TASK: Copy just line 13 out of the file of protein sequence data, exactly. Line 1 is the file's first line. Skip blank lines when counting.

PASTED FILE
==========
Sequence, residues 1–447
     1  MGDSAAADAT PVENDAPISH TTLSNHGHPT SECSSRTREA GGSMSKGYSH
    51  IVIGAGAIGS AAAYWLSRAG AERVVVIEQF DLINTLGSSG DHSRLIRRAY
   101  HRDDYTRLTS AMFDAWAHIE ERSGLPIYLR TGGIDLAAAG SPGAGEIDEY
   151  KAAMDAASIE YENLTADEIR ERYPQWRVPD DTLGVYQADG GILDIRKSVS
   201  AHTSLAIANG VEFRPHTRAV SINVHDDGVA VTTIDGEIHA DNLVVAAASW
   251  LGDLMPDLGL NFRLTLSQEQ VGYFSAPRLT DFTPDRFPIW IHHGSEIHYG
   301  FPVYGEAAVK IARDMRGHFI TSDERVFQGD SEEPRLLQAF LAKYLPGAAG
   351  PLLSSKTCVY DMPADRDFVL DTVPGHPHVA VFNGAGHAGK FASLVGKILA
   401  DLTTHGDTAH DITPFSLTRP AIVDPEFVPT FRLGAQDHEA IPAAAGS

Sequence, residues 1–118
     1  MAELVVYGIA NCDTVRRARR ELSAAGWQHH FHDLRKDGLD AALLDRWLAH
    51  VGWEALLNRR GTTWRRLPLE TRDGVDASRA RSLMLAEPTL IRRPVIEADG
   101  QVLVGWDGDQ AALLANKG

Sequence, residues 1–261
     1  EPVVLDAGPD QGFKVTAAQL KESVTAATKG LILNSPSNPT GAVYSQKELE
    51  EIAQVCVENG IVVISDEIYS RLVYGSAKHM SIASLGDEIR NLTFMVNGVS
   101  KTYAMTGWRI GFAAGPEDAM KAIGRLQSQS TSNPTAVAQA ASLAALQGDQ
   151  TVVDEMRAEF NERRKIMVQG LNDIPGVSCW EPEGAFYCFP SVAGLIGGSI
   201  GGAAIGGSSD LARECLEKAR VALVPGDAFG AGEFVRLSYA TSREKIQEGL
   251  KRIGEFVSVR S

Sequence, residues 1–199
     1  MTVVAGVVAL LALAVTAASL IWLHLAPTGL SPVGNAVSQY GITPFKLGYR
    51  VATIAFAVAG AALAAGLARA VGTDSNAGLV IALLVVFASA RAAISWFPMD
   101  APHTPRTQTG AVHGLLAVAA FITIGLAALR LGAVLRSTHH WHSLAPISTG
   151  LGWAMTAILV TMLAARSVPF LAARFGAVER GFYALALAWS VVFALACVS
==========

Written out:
    51  VGWEALLNRR GTTWRRLPLE TRDGVDASRA RSLMLAEPTL IRRPVIEADG